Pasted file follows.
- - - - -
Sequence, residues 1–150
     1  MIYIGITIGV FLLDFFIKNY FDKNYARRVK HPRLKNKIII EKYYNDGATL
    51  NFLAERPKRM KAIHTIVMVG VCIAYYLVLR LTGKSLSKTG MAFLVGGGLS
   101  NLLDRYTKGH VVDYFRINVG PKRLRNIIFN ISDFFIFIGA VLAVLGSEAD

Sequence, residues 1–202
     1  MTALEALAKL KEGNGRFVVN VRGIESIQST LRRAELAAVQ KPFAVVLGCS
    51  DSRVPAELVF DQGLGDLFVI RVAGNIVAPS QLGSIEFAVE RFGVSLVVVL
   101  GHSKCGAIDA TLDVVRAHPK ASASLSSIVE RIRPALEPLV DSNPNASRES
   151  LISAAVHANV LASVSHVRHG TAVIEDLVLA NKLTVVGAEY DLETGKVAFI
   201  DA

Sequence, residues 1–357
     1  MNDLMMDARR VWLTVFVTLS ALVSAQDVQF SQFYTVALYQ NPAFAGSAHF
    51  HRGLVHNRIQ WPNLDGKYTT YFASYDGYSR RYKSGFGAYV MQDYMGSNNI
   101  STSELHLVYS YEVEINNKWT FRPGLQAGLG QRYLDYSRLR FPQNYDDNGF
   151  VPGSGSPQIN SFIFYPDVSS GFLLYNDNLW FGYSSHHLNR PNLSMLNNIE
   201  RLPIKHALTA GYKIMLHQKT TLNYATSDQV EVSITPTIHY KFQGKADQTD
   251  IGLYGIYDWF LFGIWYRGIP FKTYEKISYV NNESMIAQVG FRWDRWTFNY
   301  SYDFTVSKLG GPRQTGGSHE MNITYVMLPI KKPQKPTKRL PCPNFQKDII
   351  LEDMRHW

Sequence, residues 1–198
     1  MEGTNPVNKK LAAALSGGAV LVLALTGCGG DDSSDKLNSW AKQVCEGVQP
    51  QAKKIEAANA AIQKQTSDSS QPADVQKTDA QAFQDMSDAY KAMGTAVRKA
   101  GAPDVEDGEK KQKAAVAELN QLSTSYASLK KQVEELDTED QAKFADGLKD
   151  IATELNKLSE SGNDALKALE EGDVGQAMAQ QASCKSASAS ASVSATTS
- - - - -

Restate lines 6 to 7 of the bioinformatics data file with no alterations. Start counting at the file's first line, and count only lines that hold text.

     1  MTALEALAKL KEGNGRFVVN VRGIESIQST LRRAELAAVQ KPFAVVLGCS
    51  DSRVPAELVF DQGLGDLFVI RVAGNIVAPS QLGSIEFAVE RFGVSLVVVL